Still other "Boise gang" members were after a fellow member, a wealthy homosexual known as "The Queen", whom they believed was too powerful to be brought down by any other means.It is equally unclear what triggered the investigation. Charles Blanton, who had worked in the County Prosecutor's office until September 1955 and who represented Cassel, the office did not routinely search for homosexual activity to prosecute.
Claiming that those so "victimized" would "grow into manhood with the same inclinations of those who are called homosexuals", the Statesman concluded, "No matter what is required, this sordid mess must be removed from this community." Anonymous calls to the police turning in the names of any man who in the opinion of an observer seemed to pay too much attention to any young male flooded in and the city's gay residents realized that a witch hunt was in full swing.Reportage of the investigation and arrests set off a moral panic in Boise, fueled by incendiary editorials in the city's newspaper.Although framed in terms of "protecting children" from adult predators, the probe was not confined to investigating charges of men having sex with underage boys and some of those convicted and sentenced to prison were found guilty only of sexual encounters with other consenting adults.On November 3, the paper ran an editorial under the headline "Crush the Monster".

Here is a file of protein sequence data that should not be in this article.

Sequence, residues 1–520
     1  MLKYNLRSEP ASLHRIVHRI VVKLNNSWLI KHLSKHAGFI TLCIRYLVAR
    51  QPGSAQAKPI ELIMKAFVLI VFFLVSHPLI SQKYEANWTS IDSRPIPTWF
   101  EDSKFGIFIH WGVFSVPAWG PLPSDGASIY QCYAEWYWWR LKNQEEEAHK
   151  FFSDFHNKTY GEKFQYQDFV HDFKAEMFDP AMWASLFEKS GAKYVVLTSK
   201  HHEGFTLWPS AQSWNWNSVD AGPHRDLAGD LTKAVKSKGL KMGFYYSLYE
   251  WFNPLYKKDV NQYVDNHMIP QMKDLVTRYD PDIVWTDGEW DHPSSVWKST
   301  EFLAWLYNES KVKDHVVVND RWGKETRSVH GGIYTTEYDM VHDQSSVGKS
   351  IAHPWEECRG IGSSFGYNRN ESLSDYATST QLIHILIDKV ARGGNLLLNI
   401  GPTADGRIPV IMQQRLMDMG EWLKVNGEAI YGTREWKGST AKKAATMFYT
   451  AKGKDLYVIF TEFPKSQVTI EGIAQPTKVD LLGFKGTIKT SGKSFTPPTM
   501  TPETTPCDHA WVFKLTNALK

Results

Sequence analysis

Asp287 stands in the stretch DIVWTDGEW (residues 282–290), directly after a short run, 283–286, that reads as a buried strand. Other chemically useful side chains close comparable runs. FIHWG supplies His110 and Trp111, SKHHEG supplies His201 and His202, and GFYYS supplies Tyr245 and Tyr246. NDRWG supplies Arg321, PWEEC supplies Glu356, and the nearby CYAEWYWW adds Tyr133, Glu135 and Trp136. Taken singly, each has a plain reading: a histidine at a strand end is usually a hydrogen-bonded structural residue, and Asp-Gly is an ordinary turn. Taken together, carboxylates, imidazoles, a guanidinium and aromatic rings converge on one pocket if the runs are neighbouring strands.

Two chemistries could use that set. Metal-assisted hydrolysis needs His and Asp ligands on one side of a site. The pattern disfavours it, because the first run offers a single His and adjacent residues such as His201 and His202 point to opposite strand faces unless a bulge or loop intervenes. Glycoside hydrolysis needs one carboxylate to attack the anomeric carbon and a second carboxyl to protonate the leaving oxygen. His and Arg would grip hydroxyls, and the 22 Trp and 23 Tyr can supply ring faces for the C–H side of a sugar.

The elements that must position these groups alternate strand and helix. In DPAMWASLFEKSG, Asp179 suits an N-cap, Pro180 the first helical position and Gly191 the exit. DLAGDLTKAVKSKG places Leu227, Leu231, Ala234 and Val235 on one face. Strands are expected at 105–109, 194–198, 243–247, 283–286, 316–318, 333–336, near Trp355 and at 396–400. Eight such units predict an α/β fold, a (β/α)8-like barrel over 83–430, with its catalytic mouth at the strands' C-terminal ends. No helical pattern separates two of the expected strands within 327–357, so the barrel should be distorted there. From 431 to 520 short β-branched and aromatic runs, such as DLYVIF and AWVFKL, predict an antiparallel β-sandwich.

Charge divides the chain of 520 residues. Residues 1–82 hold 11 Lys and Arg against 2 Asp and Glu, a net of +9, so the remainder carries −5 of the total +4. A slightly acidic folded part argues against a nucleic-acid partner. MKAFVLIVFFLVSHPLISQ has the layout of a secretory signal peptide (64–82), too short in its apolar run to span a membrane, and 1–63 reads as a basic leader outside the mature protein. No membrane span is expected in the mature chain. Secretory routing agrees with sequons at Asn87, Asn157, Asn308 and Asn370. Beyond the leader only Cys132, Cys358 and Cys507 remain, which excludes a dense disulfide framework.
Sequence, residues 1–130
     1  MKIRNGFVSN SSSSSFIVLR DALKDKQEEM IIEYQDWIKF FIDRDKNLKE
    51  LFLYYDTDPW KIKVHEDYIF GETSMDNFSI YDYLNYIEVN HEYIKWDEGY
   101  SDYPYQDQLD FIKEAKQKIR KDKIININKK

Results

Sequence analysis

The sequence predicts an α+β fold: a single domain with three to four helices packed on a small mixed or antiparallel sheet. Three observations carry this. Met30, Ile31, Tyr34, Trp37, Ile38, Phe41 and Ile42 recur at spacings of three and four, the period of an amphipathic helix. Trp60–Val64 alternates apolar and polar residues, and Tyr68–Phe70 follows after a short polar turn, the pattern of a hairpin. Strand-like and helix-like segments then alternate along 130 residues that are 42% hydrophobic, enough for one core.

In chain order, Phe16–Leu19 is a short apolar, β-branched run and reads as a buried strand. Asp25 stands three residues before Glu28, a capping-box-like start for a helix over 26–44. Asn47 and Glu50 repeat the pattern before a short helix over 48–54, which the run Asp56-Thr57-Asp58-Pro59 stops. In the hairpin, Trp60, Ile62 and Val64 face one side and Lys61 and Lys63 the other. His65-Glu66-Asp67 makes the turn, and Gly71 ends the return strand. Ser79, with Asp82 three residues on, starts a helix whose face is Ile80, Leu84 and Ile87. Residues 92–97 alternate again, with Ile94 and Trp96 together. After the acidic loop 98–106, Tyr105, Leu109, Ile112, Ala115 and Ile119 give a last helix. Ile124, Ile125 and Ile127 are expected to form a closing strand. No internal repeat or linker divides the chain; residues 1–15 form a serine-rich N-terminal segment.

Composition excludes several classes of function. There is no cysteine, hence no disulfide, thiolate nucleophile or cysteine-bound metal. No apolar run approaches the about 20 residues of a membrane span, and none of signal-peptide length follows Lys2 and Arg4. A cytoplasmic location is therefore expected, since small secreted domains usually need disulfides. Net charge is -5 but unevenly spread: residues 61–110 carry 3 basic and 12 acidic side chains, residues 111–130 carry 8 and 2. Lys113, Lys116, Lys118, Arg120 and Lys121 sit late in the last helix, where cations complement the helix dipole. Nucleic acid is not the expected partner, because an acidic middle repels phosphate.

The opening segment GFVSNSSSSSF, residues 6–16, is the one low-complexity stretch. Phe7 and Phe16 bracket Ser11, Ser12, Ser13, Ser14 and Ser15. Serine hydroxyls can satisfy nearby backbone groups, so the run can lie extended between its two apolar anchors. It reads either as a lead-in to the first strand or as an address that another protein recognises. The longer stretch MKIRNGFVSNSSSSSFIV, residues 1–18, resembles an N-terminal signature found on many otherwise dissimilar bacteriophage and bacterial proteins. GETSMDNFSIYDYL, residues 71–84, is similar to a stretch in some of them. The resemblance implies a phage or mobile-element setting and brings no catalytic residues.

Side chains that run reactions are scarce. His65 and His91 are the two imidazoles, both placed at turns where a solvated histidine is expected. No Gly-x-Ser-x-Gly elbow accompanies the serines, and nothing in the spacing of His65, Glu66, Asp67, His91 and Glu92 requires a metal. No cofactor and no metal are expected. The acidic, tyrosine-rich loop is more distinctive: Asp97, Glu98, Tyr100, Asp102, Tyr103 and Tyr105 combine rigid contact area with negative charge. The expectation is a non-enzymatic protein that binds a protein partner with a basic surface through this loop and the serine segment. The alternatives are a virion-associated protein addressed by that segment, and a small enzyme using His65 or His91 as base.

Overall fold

In it, the editors called homosexuality everything from "moral perversion" to a "cancerous growth...calling for immediate and systematic cauterization".The reasons behind the investigation are murky and complex.